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With the Vertigo Theater production of the crime novel Clue, seeing is believing.
Words are woefully inadequate to describe the inspired madness that characterizes everything from directing and performances to set designs, props, costumes, sound and lighting. It’s comic nonsense at its finest.
Clue is the theatrical version of the 1985 film inspired by the Hasbro board game and several Agatha Christie thrillers. Six mysterious guests have been summoned to the remote mansion of Mr. Boddy, who they quickly learn has been blackmailing them for years. To keep their identities secret, they have been given new names and each has been given a weapon. When Mr. Boddy and his cook end up dead, they are all suspects and even potential victims of the crazed and desperate killer.
Fortunately, or perhaps unfortunately for them, Boddy’s butler Wadsworth takes charge of the night’s events and their lives. Christopher Hunt plays Wadsworth as the stereotypical pompous English butler even though the play is set on the outskirts of Washington, DC, but there are signs early on that there is more to Wadsworth than meets the eye, as there are many nuances in Hunt’s performance.
Director Haysam Kadri has allowed or even encouraged his 10 cast members to be extravagant in game form, resulting in a delirious mix of physical and verbal gymnastics. They say and do the most ridiculous things.
Grant Linneberg is a commanding presence as Colonel Mustard, so the fact that the man is a clumsy buffoon is all the more fun as is Elinor Holt’s Mrs. Peacock, the church lady with a hip flask and dagger. in her bag.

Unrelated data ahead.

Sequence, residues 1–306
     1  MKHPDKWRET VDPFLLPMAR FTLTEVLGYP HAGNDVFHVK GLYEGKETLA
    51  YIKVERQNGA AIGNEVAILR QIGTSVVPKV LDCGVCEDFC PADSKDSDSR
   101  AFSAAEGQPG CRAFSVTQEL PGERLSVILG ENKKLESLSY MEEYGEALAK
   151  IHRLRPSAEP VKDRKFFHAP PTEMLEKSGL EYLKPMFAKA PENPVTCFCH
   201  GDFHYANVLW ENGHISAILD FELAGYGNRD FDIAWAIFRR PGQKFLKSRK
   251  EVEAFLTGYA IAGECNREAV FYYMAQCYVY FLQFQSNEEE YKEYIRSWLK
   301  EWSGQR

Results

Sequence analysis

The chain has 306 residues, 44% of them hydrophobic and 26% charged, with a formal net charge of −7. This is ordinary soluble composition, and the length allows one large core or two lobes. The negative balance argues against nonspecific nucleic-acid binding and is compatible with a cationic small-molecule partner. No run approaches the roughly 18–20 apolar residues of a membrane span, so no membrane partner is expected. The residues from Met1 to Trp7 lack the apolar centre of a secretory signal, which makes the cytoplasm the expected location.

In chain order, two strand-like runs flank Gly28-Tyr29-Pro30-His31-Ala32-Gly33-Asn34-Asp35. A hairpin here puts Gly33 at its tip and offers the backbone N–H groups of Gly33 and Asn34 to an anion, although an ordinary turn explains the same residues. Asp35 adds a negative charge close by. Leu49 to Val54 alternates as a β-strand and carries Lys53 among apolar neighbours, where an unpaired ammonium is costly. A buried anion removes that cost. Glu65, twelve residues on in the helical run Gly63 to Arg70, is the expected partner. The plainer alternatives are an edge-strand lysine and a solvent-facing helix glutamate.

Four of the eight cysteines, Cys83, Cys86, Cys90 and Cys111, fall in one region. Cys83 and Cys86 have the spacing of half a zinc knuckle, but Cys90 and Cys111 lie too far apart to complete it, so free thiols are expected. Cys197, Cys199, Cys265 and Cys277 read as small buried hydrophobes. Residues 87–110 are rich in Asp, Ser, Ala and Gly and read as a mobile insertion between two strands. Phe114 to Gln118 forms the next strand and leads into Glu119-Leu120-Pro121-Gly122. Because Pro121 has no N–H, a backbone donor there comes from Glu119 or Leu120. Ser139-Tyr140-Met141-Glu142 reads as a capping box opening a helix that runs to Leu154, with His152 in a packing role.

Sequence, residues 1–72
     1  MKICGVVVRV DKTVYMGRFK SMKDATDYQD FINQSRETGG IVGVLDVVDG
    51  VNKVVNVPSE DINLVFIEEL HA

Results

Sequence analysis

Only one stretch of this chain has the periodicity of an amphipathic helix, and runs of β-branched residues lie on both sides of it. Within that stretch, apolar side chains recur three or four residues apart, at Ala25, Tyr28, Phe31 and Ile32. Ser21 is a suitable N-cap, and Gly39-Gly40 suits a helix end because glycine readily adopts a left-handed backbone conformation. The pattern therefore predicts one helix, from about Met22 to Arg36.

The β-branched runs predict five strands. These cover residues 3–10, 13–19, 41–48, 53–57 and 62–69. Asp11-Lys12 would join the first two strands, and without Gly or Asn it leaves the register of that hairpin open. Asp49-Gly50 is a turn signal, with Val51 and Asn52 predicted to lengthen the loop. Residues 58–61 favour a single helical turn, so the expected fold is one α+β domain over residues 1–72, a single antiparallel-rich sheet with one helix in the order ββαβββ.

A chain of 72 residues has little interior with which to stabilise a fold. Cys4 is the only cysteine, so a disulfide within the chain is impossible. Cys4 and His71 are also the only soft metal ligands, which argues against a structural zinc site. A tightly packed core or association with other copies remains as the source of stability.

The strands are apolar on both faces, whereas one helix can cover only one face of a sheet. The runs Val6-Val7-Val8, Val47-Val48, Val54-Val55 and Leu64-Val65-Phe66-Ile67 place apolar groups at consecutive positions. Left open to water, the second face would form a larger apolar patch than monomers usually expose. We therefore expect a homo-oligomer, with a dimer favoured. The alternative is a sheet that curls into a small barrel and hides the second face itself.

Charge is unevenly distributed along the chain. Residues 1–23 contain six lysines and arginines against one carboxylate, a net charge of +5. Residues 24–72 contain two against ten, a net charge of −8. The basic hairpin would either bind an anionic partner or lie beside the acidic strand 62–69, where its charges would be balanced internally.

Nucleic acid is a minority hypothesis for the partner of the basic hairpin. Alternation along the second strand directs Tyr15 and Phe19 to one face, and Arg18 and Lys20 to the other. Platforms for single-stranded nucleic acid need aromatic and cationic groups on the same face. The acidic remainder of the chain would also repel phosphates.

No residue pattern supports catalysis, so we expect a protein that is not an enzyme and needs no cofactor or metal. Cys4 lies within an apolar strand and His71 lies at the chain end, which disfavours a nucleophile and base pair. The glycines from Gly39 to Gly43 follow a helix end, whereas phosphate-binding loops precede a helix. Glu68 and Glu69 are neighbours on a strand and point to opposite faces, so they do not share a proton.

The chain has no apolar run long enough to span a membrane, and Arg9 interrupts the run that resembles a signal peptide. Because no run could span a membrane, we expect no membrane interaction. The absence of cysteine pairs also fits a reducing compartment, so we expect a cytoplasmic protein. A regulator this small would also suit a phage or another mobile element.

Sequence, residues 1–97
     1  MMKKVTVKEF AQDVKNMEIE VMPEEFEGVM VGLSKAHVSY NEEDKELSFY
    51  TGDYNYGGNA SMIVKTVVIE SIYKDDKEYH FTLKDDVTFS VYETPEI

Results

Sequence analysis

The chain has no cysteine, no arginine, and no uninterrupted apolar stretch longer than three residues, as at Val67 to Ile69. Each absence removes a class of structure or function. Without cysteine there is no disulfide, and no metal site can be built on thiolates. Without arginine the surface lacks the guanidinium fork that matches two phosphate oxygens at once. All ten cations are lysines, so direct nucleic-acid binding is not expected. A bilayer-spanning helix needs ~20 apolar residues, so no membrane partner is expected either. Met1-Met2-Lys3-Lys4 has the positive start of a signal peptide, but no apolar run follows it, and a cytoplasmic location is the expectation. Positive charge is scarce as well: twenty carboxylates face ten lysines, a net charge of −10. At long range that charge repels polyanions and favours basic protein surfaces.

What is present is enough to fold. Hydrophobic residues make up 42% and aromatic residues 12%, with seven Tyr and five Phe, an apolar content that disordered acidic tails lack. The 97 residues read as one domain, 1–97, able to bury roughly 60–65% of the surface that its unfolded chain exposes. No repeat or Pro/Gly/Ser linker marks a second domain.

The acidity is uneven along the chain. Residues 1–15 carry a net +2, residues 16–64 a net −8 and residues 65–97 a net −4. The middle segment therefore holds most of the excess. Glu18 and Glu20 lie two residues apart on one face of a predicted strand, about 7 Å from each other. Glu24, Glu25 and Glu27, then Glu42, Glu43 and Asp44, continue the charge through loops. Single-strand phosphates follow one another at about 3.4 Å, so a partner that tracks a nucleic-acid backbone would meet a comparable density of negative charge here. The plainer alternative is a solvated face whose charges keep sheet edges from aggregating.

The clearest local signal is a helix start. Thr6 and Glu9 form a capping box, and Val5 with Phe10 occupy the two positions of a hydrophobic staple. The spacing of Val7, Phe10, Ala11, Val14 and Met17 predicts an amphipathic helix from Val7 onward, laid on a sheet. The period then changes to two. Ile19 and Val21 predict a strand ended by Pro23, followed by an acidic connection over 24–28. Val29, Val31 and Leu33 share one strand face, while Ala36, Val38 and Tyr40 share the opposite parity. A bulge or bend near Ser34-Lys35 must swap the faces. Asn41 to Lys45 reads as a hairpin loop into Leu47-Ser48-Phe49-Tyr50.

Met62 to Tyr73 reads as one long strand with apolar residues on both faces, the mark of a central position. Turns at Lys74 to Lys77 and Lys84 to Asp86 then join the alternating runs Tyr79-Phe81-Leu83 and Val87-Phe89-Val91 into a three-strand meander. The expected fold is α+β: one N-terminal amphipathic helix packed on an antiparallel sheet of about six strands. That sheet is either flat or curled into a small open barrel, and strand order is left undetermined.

As disgraced doctor Professor Plum, Tyrell Crews has invented a ridiculous method of determining if someone is really dead, and Vanessa Leticia Jette’s Miss Scarlet is a cunning seductress whose body may be deadlier than the candlestick she wields.
Tenaj Williams’s Mr. Green is like a frightened mouse, squirming and cowering at every loud noise, while Katherine Fadum’s Mrs. White, dressed all in black, is a rather moody and morbid soul who cries over the death of her five husbands.
Jamie Konchak and Kaleb Tekeste, who play four of the corpses, are thrown around the stage and manhandled like rag dolls, and Natasha Strickey’s French maid has a heavy accent and bows, an ideal companion for Hunt’s butler.
There are nine rooms in the Clue board game and before the night is over, the onstage action will visit them all thanks to Scott Reid’s amazingly clever set that the actors maneuver to the constant delight and applause of the audience.
Kadri’s clue may be a happy slapstick, but it’s not a botch job. Everything is precise and calculated, which means it’s intelligently controlled chaos.
Deitra Kalyn’s costumes are hilarious exaggerations of 1950s fashion and Anton de Groot’s lighting and Andrew Blizzard’s sound design remind us that it’s a dark and stormy night in a creepy old mansion.
Vertigo’s Clue is world-class entertainment with the kind of slick professionalism that has become Vertigo’s legacy and must be preserved and fostered by the yet-to-be-announced new art director.
Clue occurs in the main theater Vertigo at the base of Calgary Tower until June 5.